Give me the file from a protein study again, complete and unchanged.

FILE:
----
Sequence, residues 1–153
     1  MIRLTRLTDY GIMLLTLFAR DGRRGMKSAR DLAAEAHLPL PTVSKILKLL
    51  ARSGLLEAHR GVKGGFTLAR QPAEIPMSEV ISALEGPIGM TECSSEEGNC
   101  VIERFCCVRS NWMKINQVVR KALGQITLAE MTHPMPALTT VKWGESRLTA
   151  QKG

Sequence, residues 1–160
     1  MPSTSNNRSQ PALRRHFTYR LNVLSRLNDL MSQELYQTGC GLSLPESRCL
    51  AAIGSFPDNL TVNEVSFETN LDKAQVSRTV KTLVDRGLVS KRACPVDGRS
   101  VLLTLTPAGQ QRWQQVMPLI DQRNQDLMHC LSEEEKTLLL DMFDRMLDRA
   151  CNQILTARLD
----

Sequence, residues 1–153
     1  MIRLTRLTDY GIMLLTLFAR DGRRGMKSAR DLAAEAHLPL PTVSKILKLL
    51  ARSGLLEAHR GVKGGFTLAR QPAEIPMSEV ISALEGPIGM TECSSEEGNC
   101  VIERFCCVRS NWMKINQVVR KALGQITLAE MTHPMPALTT VKWGESRLTA
   151  QKG

Sequence, residues 1–160
     1  MPSTSNNRSQ PALRRHFTYR LNVLSRLNDL MSQELYQTGC GLSLPESRCL
    51  AAIGSFPDNL TVNEVSFETN LDKAQVSRTV KTLVDRGLVS KRACPVDGRS
   101  VLLTLTPAGQ QRWQQVMPLI DQRNQDLMHC LSEEEKTLLL DMFDRMLDRA
   151  CNQILTARLD